Of lice and men: Female insect grows a penis to get her man
Scientists thrilled by 'extraordinarily rare' adaption found in southern African caves
The idea of a woman getting her hooks into a man has found practical expression in cave-dwelling insects in southern Africa.
The female Afrotrogla bark louse has evolved a hook-shaped erectable penis that ensures her breeding partner cannot escape before a sufficient amount of sperm has been collected. This can take up to 70 hours.
The independent evolution of female penises in bark lice in Namibia and South America was “an extraordinarily rare event”, scientists from Japan, Brazil and Switzerland said in the journal Biology Letters.
They said it was probably due to the shortage of food in the dry caves where the lice lived, meaning males were more interested in finding a meal than a mate and semen became an alternative source of nutrition for females.
Hungry females became the initiators of mating as they competed for the semen, produced in large amounts by the male lice relative to their size.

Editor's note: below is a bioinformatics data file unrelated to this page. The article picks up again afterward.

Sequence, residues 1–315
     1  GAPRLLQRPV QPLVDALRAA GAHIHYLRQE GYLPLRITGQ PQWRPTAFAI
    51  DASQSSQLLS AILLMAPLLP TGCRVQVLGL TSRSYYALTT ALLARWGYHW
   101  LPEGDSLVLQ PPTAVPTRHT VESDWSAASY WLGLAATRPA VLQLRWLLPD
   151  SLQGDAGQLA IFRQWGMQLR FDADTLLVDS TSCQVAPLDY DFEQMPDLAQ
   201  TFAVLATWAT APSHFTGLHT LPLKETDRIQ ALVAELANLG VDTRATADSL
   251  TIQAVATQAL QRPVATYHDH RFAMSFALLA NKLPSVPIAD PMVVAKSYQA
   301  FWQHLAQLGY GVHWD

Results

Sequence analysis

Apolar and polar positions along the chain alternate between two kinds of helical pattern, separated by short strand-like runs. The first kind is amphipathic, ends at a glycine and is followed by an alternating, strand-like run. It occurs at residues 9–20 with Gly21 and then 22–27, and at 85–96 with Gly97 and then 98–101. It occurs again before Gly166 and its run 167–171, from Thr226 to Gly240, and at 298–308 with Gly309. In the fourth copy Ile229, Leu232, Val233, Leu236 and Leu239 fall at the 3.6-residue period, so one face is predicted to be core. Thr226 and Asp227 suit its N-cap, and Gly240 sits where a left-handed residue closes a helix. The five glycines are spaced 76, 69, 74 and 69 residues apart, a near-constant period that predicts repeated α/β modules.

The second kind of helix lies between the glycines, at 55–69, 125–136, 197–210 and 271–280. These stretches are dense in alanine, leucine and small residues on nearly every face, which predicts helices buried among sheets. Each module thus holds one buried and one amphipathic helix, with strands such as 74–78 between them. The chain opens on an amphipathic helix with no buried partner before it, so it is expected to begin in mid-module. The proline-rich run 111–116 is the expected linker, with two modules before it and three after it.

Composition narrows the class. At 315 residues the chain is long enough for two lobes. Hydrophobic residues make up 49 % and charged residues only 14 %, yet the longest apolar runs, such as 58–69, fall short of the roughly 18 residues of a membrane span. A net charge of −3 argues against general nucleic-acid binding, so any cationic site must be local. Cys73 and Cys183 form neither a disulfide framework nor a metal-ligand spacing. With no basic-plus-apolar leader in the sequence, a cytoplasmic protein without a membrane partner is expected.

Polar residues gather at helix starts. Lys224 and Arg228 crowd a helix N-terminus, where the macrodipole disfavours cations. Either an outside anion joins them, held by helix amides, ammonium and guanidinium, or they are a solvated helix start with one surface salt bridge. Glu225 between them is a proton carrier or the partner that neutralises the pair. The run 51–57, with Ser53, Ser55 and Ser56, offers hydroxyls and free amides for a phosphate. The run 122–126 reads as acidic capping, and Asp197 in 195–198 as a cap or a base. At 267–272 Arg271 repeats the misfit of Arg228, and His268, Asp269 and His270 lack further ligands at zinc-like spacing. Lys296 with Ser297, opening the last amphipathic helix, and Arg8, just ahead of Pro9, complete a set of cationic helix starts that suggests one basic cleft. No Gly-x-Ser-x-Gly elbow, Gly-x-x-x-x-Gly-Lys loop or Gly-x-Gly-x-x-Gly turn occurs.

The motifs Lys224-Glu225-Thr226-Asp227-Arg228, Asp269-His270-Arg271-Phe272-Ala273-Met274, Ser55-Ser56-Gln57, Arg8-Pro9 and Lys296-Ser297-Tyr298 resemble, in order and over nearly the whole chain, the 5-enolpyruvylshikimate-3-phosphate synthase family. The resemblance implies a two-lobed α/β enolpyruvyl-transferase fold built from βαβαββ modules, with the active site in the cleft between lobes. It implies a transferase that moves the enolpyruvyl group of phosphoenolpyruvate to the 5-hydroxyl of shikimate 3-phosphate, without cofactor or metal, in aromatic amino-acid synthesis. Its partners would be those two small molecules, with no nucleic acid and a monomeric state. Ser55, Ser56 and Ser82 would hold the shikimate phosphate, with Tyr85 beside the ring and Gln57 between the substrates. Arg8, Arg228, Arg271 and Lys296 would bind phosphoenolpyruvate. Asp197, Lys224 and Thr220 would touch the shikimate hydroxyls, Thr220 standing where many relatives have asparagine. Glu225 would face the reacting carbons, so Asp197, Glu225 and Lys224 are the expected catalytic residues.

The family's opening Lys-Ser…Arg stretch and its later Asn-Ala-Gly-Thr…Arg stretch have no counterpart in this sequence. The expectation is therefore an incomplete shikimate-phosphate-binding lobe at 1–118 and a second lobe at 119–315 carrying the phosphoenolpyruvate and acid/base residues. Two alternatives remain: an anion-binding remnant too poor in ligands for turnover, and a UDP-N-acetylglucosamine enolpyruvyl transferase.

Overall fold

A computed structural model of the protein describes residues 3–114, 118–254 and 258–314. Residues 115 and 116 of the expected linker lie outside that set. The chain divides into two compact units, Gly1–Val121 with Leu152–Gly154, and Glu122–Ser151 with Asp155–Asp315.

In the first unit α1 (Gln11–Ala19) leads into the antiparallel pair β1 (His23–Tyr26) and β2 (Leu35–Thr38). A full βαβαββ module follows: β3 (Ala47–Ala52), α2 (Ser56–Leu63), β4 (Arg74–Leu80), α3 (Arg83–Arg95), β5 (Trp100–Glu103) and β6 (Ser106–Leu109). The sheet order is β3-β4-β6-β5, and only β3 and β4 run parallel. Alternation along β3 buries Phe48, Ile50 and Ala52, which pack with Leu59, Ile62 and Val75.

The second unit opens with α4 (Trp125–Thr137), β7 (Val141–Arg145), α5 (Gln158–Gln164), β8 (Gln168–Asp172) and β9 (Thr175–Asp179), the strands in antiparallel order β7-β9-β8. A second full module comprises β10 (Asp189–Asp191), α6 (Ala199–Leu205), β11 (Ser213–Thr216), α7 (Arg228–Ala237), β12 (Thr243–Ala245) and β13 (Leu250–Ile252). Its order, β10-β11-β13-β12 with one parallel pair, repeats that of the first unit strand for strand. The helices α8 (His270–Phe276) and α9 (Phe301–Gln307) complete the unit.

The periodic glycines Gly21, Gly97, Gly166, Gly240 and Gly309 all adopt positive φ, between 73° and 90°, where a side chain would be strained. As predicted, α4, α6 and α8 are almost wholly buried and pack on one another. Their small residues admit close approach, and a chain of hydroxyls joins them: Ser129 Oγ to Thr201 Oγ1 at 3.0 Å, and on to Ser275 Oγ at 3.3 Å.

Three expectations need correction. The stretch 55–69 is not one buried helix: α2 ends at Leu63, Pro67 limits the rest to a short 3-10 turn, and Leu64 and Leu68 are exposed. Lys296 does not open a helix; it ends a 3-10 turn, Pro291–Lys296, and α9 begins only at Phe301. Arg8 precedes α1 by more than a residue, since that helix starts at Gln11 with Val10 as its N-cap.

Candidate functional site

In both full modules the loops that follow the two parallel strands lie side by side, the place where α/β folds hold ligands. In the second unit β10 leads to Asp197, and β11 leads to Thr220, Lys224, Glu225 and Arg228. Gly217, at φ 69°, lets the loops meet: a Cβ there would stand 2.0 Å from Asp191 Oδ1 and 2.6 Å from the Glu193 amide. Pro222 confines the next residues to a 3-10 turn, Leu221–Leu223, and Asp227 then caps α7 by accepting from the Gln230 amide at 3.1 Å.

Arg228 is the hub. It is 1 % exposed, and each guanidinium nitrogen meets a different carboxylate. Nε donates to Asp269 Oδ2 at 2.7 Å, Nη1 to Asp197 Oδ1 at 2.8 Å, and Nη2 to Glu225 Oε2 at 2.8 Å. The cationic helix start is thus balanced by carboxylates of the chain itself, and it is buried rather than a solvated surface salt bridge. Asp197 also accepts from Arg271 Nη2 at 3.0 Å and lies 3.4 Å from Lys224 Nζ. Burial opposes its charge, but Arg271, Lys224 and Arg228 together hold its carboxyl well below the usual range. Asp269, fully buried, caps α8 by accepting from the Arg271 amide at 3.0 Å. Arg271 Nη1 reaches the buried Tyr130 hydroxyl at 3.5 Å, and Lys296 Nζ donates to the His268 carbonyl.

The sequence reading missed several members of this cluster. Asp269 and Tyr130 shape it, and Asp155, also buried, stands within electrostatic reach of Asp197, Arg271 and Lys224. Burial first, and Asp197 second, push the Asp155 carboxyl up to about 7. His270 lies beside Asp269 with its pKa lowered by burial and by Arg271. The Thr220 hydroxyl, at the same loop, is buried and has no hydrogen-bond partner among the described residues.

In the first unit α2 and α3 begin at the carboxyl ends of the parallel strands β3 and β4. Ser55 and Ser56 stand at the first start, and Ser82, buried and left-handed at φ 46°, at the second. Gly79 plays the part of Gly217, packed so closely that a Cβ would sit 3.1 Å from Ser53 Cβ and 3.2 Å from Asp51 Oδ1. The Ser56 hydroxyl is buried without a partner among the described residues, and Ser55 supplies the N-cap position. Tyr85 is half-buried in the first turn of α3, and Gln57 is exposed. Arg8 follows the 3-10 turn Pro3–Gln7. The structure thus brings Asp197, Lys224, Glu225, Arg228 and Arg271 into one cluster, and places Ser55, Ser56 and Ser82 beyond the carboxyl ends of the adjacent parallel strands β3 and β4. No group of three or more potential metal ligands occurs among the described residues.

This led to the development of two different female penises in Afrotrogla and its Brazilian cousin Neotrogla, which suck males dry over up to 70 hours.
Lead researcher Kazunori Yoshizawa, from Hokkaido University, said the “seminal gift” was rich in nourishment and an incentive for females to force males into mating.
“One of the important functions of penis and vagina is probably the secure delivery of semen in nonaquatic environments,” Yoshizawa explained.
“However, I think sexual selection is a more important factor for the evolution of the male penis, because not all terrestrial animals possess it. For example, many birds do not have a penis.
“Under typical sexual selection in which females are choosy and males are courting, the male penis has evolved many times independently, probably for active and sometimes coercive mating.
“A simple reversal of gender roles in sexual selection, however, cannot simply cause the reversed genital organs.”
The new paper follows an earlier one in 2014 announcing the Neotrogla find. In 2017, Yoshizawa and his colleagues won the spoof Ig Nobel biology prize for their discovery.